How to Motivate Kids to Practice Soccer? It Takes a Village

We all love soccer, because of passion and the history we have with it. We know it’s good and promotes teamwork, discipline, and physical fitness. However, we often have no idea how to motivate young kids to practice soccer, even when we see amazing soccer talent in plain sight. As parents, coaches, and fellow players, we have a responsibility to inspire and ignite their passion for the game. We often see a kid just standing there, doing nothing at all or something unrelated, like dancing or singing. Or sometimes a player is practicing only at practice, but not outside. Often times a player wants to play, but not practice. By collectively setting standards, reinforcing fun, providing healthy competition, and offering incentives, we can help young kids fall in love with soccer and develop their skills on and off the field.

Coordinated effort by parents, coaches, and other players

Motivating young kids to practice soccer requires a coordinated effort from parents, coaches, and other players. It is crucial to create a supportive and encouraging environment where everyone works towards a common goal. Imagine if a player gets mixed messages from the sides involved. For example, let’s say that the rule of the coach is to win the game as the only goal. The parents advise the player to make friends at soccer. The other players are here just to have fun. What conclusion should the player have in the end? At best, the player has already built their own mind and can navigate this conflicting signals. More likely, at young age the player will be confused and will likely not progress as well as they could. 

Coaches and parents should communicate regularly to align on the goals of the team. If the coach is coaching a teenage rec league team with equal playing time and only positive feedback, then the parent cannot hold the player to an expectation to play for the national team. Parents can attend practices and games, cheer for their children, and offer words of encouragement. Coaches should foster a positive team dynamic, focusing on building skills and teamwork rather than solely on winning. Fellow players should act as role models, helping and supporting each other both on and off the field. By working together, we can create an atmosphere that motivates young kids to practice soccer consistently.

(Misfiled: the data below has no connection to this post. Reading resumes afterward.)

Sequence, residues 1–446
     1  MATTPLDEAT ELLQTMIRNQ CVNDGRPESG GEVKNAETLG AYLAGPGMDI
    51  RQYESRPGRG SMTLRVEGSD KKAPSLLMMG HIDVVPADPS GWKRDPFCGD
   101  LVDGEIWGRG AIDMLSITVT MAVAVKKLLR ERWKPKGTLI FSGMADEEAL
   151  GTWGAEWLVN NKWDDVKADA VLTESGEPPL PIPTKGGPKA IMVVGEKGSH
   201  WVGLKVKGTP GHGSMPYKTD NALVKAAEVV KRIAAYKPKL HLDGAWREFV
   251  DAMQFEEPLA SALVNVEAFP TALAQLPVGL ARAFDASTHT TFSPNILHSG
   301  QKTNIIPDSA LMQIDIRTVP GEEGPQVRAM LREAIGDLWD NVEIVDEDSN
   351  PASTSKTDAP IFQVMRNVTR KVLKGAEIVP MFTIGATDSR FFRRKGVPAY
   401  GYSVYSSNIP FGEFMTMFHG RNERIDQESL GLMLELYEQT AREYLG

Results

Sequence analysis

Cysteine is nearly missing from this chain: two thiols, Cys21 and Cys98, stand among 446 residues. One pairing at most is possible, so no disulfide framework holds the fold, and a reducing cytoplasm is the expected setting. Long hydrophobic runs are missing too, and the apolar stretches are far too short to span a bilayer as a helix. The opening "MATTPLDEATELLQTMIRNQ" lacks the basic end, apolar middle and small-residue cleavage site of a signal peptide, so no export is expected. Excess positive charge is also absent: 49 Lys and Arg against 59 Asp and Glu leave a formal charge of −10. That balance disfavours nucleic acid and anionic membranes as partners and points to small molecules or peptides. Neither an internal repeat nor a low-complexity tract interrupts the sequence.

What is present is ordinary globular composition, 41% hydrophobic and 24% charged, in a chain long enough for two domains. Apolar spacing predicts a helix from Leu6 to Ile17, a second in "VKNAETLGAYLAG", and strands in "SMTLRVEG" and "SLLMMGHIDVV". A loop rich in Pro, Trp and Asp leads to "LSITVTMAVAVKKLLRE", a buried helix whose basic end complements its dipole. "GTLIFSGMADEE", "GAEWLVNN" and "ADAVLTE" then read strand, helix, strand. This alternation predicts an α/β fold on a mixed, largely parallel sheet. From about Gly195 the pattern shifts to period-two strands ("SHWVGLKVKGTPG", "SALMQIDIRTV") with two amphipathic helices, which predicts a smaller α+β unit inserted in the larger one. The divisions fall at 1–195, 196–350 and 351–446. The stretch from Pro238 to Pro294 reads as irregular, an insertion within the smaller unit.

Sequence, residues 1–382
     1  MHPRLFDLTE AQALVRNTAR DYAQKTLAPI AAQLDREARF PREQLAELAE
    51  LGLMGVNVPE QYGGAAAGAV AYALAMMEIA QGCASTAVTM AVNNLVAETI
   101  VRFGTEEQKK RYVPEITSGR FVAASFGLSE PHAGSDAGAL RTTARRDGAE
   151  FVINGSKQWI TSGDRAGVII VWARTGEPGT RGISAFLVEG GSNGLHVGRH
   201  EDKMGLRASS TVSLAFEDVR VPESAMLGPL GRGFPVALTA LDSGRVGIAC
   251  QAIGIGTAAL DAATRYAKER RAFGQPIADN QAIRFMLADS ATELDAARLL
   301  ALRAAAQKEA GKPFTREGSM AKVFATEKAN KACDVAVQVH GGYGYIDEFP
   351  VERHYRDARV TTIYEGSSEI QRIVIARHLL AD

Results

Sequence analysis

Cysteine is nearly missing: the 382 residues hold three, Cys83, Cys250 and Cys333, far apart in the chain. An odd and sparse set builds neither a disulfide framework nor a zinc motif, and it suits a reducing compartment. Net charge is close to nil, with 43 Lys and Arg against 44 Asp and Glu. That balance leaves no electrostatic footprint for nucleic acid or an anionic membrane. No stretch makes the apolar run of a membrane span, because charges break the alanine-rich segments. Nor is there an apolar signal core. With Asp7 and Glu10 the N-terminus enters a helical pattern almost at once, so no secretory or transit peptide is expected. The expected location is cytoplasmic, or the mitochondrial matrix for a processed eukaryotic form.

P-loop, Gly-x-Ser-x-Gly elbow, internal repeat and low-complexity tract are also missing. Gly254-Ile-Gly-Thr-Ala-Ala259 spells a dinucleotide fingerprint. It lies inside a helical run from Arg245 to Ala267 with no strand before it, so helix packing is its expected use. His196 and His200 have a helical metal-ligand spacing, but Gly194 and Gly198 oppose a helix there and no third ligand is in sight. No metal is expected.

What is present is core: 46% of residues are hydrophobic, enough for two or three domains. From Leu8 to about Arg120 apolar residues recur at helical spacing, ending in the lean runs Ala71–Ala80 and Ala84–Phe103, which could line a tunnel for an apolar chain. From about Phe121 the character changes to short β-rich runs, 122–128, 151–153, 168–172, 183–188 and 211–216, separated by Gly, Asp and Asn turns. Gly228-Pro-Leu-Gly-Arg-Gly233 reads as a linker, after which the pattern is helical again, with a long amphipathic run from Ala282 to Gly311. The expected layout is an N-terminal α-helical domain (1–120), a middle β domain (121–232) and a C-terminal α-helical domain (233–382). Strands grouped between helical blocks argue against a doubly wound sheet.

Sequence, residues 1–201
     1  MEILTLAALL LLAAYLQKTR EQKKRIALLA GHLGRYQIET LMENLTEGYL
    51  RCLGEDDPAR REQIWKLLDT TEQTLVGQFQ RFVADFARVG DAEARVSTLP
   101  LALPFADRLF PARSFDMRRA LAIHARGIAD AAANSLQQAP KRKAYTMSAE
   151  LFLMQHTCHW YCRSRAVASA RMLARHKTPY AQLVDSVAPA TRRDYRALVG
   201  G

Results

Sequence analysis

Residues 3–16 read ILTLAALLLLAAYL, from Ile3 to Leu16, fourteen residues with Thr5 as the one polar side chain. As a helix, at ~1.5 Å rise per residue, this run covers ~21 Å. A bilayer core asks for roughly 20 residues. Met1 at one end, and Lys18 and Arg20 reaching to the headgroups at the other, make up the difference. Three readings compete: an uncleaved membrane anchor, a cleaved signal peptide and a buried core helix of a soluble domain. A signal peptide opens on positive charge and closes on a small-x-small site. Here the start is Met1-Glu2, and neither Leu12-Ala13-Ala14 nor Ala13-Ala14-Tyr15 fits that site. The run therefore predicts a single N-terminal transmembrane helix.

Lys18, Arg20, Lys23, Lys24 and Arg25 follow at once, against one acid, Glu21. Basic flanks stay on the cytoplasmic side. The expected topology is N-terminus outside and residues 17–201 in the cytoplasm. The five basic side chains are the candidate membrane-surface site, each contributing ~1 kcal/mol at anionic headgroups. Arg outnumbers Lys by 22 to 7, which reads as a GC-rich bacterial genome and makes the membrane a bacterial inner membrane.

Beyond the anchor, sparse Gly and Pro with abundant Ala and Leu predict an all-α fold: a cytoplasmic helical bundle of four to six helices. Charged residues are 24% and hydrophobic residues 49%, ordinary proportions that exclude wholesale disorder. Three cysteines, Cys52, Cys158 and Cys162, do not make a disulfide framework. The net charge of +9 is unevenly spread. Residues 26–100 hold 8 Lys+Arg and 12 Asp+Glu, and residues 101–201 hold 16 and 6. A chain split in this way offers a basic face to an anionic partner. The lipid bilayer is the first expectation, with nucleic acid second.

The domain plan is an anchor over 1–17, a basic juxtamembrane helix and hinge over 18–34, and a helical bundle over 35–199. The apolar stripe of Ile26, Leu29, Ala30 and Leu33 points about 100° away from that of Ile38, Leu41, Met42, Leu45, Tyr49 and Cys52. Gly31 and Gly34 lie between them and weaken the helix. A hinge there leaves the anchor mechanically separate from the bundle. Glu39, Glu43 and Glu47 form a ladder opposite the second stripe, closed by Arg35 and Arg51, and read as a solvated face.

Coaches set standards and keep soccer fun – ultimate way to motivate kids to practice soccer

Coaches play a vital role in motivating young kids to practice soccer. Even if they find and recruit the best players, they still need to add their expertise to the mix. They should set clear standards and expectations, helping children understand the importance of discipline and commitment. However, it is equally essential for coaches to keep soccer fun. Engaging training sessions that incorporate drills, friendly competitions, and small-sided games can make practice enjoyable for young kids. By creating a balance between structure and fun, coaches can inspire their players to eagerly attend each session and give their best effort.

Should coach play more games at practice instead of drills?

The goal of the practices is to develop the technical, physical and psychological aspects of the players and the team. So, if we see a great technique, but poor attitude in practice, then maybe the drill is great for technical development, but creates the bad habits. Sprint races can be great for physical and psychological development, but it provides very little new technical skill. The most important question to ask is if the players are engaged and doing their best. The main role of the coach is to keep the players at the optimal level of practice using any method they know. This means that sometimes they would create fun games that take little effort and other times have conditioning training that is not creative at all.

Trick for coaches

As gifts work for motivating soccer coaches, they work x 1 million for teh players. Find the cheapest reward that you can think of and give it as a prize once a month. I have given water bottles for prizes, which cost less than 3 dollars per bottle, to the player that did most juggles that practice. When players found out the rules, they started practicing for hours every day to win that water bottle at the next practice. For context, the player that practiced the most had an amazing hydro flask and his parents drive a Tesla – my point is that it’s not about the money, it’s about the competition.

Parents can motivate kids to practice soccer daily